Extradition, the ECHR and terror suspects
Babar Ahmed is not a victim of an unjust and anti-Muslim system. To argue otherwise suggests that western governments are the aggressors and terror suspects the victims
At a time when many people are completely losing faith in the European Court of Human Rights (ECHR) and its ability to appreciate common sense, it has managed to deliver a verdict that may salvage some respect. It has ruled that a number of high profile terror suspects (including Babar Ahmed and Abu Hamza) can be extradited to the US to be tried on terrorism related charges and that such extraditions will not lead to a breach of their human rights. The ruling follows very lengthy and costly (for the tax-payer) legal battles waged by both Abu Hamza and Babar’s legal teams to resist extradition.
Abu Hamza’s case has, understandably, garnered very little sympathy from the public. After all, he did become the face of violent extremism in the UK after his antics at the Finsbury Park mosque. The US wants him on charges of conspiring to take western hostages in Yemen, funding terrorism, and organising a terrorist training camp in Oregon between 1998 and 2000. His extradition, therefore, will be viewed as ‘good riddance’ by most people.
Babar’s case, on the other hand, is very different.
Babar is the longest-detained-without-charge British detainee held as part of the global ‘war on terror’. In a recent and fairly sympathetic BBC interview, he argued that he does not nor has he ever supported terrorism. During his first arrest in 2003, Babar had sustained 73 forensically recorded injuries before he reached the police station.
The high profile nature of his case has attracted a great deal of sympathy from sections of the public; in fact, there is even a long running campaign entitled ‘Free Babar Ahmed’. Many of his supporters are keen to portray him as the latest casualty in the West’s misconceived and overly aggressive ‘war on terror’. Sadiq Khan MP has referred to him as ‘a caring and helpful member of the community’ in Tooting. He even stood in the 2005 general elections in Brent North for the trotskyite Peace and Progress Party, founded by Vanessa and Corin Redgrave.
So it is worth taking a minute to explore the case against him.
Babar was the brains behind the notorious Azzam.com website which, back in the day, was the premier English language jihadist recruitment website. This is a charge he has never denied. Babar is also alleged to have provided expert advice and support to many other English language jihadist recruitment websites.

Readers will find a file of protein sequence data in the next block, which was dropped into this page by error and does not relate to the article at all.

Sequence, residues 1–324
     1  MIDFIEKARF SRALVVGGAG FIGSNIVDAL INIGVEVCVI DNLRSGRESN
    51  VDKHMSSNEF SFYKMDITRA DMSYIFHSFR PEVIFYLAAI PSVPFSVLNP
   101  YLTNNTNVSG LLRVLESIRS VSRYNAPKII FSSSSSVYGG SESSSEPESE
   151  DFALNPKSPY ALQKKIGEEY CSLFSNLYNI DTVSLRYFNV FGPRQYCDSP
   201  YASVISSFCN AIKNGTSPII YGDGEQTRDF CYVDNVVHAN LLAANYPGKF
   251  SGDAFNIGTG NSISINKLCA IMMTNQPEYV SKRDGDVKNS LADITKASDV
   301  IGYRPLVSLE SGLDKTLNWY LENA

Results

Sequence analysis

Azzam.com both glorified terrorism and encouraged visitors to provide material support for terrorist groups around the world. It was named after Abdullah Azzam, a Palestinian who became one of the leading Mujahideen fighters in Afghanistan during the 1980s and mentor to the young Osama bin Laden.
Azzam, however, did not believe in directing the jihad towards western targets. He maintained that it was only legitimate for Muslims to fight in lands that are directly occupied by foreign powers. It is rumoured that after the Soviets withdrew from Afghanistan in 1989, a power struggle broke out between current al-Qaeda leader Ayman al-Zawahiri and Azzam over the direction Arab fighters should take. Zawahiri was in favour of directing the war towards the west, whereas Azzam wanted to focus on Palestine.
There are no prizes for guessing who came out on top. The struggle wasn’t resolved peacefully either. Azzam’s car was mysteriously blown up one Friday afternoon as he was on the way to the mosque to pray.
So when Babar says he does not support terrorism, he means that he does not support attacks against civilian targets in the west, in line with the philosophy of his hero Azzam. What he does clearly actively support is efforts by jihadist groups in places such as Iraq and Afghanistan to undermine democratic rule and establish theocratic regimes through indiscriminate violence, all under the guise of resisting occupation. The devil, as ever, is in the detail.
It seems Babar’s efforts to support jihadist fighters weren’t confined to the UK either. According to the US indictment, he is wanted for:
a) Establishing and maintaining jihadist recruitment websites in Connecticut and Nevada.
b) Communicating with a US Naval enlistee with jihadist sympathies, with view to extracting classified information and encouraging terrorism.
c) Possessing classified US Naval plans of a battle group operating in the Straits of Hormuz in the form of a document which also discussed vulnerabilities of the Naval Group to terrorist attack.
d) Money laundering in the US
e) Purchasing camouflage suits, GPS equipment and a ballistic vest from the US with view to giving them to the Taliban.
The above, if true and proven in a court of law, would mean Babar was a serious facilitator of international terrorism and, due to the nature of the charges, there is a strong case for his extradition.
However, he is still innocent until proven guilty and deserves due process and humane treatment as all people do. I would also prefer to see him charged and tried in the UK since he was based here and most of his alleged offences were committed whilst he was on British soil. But to get carried away, as many of his supporters seem to have, and present Babar as a victim of an unjust and anti-Muslim system is to ignore the facts and be driven by a narrative that forever views western governments as the aggressors and terror suspects as the victims. In such instances the facts becomes irrelevant.
Ghaffar Hussain is a Contributing Editor to The Commentator. He is a consultant and commentator on Cultural and Identity related issues as well as Middle Eastern and South Asian politics
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